Although I've long been interested in writing, I've never been drawn to screenplays.  Like all writing, screenwriting is an art -- and thus a noble endeavor -- but even the best screenplay is a blueprint for a movie, not the movie itself.  No matter how clever the plot or beautiful the story structure, a brilliant screenplay will never see the light of day unless and until someone turns it into a movie.  Few people beyond actors, producers, directors, and aspiring screenwriters read screenplays, and I don't imagine many people outside the film and television industry ever say to themselves "Hey, this feels like a good night to sit by the fire and read a screenplay."  

The best screenwriters are as good at their craft as any short story specialist, novelist, or poet, but I'm grateful that I've never been drawn to that particular literary flame.  I know a few people who are, and although they write smart, well-structured screenplays, the finger-to-the-air nature of the marketplace has left them beating their heads against the wall of futility for many years.  It seems that a good screenplay at the wrong time has less a chance of being sold -- much less making it to the silver screen -- than a bad screenplay at the right time.  Although I can't imagine dealing with such a level of frustration, I salute those who keep grinding away at it year after year.  They're made of sterner stuff than I.    

For what it's worth,  here are some thoughts on the subject of screenwriting from back in 2008, and eight years later, a few more thoughts.   

Keefe's article is a great read, so I hope that link works -- you never know these days.  If not, well, most libraries carry the New Yorker, and this one is worth a trip to your local branch.  For any of you interested in more from Scott Frank, he has a lot to say in several of the On Story podcasts out of Austin, Texas.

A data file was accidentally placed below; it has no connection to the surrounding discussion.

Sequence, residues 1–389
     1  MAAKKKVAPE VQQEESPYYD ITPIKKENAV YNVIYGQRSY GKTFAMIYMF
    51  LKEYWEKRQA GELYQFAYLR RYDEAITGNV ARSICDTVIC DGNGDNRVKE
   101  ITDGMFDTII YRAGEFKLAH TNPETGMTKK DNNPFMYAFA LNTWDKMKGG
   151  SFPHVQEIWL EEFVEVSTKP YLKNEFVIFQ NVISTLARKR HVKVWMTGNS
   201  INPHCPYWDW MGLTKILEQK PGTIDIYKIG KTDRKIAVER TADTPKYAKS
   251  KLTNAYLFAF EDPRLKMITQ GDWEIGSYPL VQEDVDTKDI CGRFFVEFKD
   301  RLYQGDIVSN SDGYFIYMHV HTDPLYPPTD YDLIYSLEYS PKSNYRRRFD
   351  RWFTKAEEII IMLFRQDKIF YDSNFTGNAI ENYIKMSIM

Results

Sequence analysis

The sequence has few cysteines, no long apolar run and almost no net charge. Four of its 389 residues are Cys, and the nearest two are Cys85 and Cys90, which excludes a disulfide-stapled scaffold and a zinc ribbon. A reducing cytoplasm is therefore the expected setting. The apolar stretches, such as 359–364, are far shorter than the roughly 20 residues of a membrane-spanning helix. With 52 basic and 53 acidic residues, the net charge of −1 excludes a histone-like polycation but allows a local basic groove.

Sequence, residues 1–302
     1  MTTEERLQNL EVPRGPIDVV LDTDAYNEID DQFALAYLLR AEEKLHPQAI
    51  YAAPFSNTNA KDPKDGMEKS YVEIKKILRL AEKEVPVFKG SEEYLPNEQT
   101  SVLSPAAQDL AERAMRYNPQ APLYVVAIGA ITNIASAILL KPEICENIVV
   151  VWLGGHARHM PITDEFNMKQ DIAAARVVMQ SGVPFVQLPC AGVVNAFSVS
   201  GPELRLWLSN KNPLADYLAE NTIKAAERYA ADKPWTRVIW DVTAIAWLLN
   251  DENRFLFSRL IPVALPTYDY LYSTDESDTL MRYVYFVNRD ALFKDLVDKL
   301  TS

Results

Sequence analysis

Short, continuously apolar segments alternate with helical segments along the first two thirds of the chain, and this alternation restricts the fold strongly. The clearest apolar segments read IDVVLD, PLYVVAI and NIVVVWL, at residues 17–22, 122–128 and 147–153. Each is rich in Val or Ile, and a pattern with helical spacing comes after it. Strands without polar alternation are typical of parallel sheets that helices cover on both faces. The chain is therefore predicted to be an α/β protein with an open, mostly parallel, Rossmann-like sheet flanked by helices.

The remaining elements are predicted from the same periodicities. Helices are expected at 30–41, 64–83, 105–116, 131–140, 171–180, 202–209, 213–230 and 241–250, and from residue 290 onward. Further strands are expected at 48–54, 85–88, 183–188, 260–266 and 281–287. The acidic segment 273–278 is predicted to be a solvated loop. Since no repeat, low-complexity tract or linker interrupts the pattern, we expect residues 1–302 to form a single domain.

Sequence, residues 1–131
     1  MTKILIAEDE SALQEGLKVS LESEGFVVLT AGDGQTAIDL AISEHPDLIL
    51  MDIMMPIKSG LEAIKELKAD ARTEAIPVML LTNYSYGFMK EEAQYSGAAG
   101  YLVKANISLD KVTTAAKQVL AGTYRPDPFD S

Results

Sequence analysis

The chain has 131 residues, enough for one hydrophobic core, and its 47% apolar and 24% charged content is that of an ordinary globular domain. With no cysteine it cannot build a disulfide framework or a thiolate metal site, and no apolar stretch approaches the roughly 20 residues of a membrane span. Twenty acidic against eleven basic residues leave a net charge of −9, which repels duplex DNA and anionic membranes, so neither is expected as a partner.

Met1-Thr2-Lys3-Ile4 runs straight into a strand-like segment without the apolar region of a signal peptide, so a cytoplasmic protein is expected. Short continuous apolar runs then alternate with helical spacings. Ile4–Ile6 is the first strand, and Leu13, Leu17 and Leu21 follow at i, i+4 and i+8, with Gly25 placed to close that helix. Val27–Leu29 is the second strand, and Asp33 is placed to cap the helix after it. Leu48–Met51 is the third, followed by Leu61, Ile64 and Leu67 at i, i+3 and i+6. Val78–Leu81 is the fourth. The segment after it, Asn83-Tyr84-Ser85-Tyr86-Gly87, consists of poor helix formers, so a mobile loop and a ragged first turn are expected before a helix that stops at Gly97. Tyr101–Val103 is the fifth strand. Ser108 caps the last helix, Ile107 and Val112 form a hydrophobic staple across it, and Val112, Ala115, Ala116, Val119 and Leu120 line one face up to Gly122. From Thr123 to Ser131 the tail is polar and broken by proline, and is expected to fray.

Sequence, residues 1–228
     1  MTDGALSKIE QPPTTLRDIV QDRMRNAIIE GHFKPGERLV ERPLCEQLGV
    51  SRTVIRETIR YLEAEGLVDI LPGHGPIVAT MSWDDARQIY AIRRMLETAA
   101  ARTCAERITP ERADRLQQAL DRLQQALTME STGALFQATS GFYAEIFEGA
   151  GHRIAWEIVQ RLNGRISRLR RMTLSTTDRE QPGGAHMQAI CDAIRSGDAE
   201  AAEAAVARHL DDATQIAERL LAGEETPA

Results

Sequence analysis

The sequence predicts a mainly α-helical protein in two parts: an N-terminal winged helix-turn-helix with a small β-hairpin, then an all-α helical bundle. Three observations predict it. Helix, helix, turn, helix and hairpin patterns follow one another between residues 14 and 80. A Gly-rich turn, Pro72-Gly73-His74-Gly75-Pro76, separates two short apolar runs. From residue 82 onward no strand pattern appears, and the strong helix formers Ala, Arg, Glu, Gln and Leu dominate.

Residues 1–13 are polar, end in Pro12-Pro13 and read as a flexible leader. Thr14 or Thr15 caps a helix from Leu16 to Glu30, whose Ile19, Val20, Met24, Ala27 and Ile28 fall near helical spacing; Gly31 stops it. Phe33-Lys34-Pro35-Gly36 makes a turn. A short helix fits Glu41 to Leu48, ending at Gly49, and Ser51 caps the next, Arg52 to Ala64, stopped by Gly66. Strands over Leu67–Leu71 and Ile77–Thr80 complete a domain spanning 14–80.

At some point in the last few years I stopped listening to podcasts of The Business, the weekly half-hour show on KCRW-FM that begins with a quick roundup of the latest news in the film and television industry, then moves on to an interview with an actor, writer, director, producer, or other luminary of the business.  Some weeks were great, others not so much, but eventually I grew weary of the show host, Kim Masters, and her habit of constantly interrupting and talking over her guests to the point where it seemed she thought the show was more about her than them.

I tuned in again recently and was pleasantly surprised to find that -- for these two episodes, anyway -- Kim left the interviewing to hosts more willing to shine the spotlight on the guests. The first features Noah Hawley discussing his Fargo series and another series in the works based on the "Alien" movies.  A wonderful storyteller, Hawley is also one very smart guy, and has some interesting things to say about a lot of things in that conversation.  The second has Gary Oldman talking about his role in Slow Horses, his acting career, his interest in directing, and the lure of continuing to work part-time so he can do things in life other than work on set. Personally, I could listen to Gary Oldman read a phone book (google it, kids) for twenty minutes, but this interview offers a lot more. If you like either show, give these a listen -- you'll be glad you did.


A letter from my union local arrived a couple of weeks ago with an odd request: the officers wanted me to retire ... again.  I was confused at first --  didn't I already retire back in 2017, so WTF?